Research and Monitoring

Research helps guide management and policy decisions that protect habitats and wildlife.

Northwest Ohio is home to an unparalleled variety of habitats that are home a wide array of plants, animals and wildlife. Metroparks, often in conjunction with statewide conservation organizations, conduct a number of research and monitoring projects in order to identify and protect rare and imperiled plants and animals within the park lands. 

By collaborating with trained researchers and with the help of citizen scientist-volunteers, we have access to reliable scientific information that we use to help guide adaptive management actions for the successful preservation of our natural habitats. 

Research Permits

Permits are required when conducting research on Metroparks property. To request an application, please email Karen Menard at or call at (419) 407-9705. For more information, visit our research permits page.

Articles Tagged in Research, Monitoring

Vernal Pool Monitoring

The Metroparks Vernal Pool Monitoring Program raises public awareness about the existence of vernal pools and their importance to local biodiversity, allows people to participate in a field-research based program, and establishes baseline information about the overall biodiversity for a selected vernal pool.

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Bat Monitoring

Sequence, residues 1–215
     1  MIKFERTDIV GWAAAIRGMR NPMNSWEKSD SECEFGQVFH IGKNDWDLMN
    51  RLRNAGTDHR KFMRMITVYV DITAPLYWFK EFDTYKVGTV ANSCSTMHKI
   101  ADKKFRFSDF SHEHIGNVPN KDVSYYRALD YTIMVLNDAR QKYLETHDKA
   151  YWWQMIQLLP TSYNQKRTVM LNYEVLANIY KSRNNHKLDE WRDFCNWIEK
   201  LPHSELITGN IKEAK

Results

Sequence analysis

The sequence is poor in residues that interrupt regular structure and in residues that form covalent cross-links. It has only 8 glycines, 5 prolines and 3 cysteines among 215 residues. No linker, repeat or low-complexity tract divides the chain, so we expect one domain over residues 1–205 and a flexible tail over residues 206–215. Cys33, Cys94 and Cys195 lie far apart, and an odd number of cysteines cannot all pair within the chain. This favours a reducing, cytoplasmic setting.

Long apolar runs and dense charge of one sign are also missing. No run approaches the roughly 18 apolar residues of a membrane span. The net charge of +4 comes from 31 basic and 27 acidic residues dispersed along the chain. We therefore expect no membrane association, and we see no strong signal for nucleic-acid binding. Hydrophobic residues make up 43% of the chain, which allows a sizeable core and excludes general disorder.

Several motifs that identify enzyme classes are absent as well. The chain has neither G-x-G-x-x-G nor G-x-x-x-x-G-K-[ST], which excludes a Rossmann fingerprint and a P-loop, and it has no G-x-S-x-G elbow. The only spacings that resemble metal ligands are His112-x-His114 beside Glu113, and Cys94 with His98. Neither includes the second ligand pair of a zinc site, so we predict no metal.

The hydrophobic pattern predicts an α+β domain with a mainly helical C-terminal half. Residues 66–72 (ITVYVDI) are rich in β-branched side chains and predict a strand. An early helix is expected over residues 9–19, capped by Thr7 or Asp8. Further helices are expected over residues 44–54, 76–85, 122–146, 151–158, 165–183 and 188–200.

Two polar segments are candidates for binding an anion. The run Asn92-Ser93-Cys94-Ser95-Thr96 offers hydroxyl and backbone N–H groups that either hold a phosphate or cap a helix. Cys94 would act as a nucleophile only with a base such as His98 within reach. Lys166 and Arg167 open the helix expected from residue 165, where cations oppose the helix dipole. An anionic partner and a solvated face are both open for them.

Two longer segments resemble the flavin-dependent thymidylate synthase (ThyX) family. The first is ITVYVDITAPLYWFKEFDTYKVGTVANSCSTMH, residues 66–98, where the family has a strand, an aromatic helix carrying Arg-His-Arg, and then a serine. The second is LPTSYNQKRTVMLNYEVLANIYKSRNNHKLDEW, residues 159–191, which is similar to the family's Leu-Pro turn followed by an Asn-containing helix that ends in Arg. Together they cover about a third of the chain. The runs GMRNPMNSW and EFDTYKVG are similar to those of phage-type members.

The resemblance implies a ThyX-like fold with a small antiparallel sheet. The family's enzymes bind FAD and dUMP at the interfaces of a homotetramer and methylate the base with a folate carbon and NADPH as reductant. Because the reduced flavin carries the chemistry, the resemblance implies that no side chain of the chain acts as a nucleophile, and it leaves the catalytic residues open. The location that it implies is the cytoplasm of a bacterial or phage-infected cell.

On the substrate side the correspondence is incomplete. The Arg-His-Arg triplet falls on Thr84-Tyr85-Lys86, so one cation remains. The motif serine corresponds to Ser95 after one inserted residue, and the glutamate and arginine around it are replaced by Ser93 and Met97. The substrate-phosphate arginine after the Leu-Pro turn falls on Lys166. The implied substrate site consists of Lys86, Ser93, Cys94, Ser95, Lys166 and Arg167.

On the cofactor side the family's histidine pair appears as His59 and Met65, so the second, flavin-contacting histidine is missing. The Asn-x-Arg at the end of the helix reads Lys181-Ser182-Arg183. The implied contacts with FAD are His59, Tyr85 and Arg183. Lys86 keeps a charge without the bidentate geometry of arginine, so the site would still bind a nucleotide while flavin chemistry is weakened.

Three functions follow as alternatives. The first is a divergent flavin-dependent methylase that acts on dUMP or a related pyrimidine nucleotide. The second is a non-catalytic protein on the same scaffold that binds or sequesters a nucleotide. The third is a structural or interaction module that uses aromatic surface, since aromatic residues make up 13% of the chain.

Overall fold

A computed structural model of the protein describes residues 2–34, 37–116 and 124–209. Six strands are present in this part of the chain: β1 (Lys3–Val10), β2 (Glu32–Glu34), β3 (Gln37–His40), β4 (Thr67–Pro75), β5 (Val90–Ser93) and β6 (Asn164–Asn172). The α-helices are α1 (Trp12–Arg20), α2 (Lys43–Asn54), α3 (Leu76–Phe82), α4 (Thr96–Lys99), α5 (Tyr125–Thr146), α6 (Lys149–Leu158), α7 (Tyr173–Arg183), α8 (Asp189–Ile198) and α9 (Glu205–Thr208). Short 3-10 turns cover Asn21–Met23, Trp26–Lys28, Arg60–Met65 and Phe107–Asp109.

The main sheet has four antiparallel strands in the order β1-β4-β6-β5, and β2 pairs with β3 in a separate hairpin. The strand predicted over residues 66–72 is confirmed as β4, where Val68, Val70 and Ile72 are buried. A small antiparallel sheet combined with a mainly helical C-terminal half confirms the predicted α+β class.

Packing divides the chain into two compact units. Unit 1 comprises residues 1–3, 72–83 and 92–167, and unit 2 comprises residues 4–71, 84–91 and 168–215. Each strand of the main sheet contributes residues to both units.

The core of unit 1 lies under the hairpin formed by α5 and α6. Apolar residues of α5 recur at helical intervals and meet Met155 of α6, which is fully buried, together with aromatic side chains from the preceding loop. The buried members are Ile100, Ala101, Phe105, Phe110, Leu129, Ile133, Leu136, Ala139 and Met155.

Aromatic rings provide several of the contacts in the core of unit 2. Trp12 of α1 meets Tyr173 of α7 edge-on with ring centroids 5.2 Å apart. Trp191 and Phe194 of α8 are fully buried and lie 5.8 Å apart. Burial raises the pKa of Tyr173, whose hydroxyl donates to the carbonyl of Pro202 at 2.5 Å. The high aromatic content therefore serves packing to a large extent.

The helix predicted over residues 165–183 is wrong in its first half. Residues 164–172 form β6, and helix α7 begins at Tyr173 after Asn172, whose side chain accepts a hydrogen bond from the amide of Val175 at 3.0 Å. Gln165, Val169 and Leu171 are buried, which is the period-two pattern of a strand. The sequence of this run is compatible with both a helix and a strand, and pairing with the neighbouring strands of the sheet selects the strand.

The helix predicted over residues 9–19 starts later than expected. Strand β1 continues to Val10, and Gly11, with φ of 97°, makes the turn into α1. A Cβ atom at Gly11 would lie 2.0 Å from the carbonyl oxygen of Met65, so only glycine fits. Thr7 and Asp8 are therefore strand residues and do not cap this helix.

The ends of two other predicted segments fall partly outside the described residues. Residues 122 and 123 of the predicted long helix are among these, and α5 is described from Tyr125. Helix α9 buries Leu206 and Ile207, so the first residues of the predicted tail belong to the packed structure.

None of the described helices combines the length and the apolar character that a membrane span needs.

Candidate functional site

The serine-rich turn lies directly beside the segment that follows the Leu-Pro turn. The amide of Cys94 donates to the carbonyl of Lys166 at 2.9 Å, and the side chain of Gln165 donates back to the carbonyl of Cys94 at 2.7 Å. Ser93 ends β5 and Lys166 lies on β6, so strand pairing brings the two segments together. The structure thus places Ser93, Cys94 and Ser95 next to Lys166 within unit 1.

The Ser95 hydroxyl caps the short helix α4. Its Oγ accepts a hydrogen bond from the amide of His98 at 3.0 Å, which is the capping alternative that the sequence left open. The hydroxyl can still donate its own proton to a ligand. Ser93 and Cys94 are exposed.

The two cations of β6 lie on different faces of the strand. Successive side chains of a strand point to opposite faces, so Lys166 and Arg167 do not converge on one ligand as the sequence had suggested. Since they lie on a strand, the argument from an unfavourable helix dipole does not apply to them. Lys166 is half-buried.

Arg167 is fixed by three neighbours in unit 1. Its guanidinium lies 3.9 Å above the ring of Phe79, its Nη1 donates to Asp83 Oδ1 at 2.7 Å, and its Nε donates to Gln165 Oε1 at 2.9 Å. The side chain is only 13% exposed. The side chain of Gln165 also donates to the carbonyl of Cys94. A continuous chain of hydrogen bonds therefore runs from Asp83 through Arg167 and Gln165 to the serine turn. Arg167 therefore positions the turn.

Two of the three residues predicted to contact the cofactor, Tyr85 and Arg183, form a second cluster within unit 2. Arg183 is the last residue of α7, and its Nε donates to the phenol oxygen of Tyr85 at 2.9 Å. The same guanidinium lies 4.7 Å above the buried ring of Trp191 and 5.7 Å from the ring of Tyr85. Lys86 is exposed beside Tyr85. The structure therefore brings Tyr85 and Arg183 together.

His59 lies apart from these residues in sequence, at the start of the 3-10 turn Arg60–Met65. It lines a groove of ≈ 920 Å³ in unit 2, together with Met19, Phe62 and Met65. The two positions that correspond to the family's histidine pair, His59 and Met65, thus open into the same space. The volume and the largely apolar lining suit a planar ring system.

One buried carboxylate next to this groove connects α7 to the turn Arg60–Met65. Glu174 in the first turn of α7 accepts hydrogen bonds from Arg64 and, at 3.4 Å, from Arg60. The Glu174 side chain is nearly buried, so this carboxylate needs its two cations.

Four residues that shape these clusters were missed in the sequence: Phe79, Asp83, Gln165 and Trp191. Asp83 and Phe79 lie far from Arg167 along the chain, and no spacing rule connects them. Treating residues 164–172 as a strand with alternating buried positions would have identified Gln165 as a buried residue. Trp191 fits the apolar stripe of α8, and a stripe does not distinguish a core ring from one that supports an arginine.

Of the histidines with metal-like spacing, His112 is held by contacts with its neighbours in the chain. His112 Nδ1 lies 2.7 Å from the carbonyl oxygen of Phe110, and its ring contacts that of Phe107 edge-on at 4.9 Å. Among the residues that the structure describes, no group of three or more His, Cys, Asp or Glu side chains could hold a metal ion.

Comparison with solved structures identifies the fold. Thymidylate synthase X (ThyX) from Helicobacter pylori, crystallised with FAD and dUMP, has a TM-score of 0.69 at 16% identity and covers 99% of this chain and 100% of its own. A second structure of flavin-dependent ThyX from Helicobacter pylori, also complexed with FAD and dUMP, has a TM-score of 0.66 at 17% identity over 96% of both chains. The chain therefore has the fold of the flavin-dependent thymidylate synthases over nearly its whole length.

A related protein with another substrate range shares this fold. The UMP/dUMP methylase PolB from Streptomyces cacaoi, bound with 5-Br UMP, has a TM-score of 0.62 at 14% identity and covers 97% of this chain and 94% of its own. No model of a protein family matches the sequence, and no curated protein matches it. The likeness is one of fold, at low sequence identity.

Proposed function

Bats, despite their ecological importance worldwide, are an understudied group.

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Rare plant monitoring

Plant monitoring at sites in the Metroparks started in 1988 with a goal of known occurrence inventories, as well as the positive identification of new rare/heritage species locations.

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Long-term Butterfly Monitoring

There are five butterfly transects monitored in the Metroparks, currently: three occur in Oak Openings Preserve, one at Wildwood Preserve and one at Swan Creek Preserve.

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Butterfly Monitoring In The Metroparks

Butterfly monitoring in the Metroparks is facilitated in association with a long-term, (20 year) statewide study sponsored by Ohio Division of Wildlife, Ohio Lepidopterists, Cleveland Museum of Natural History and Ohio Biological Survey.

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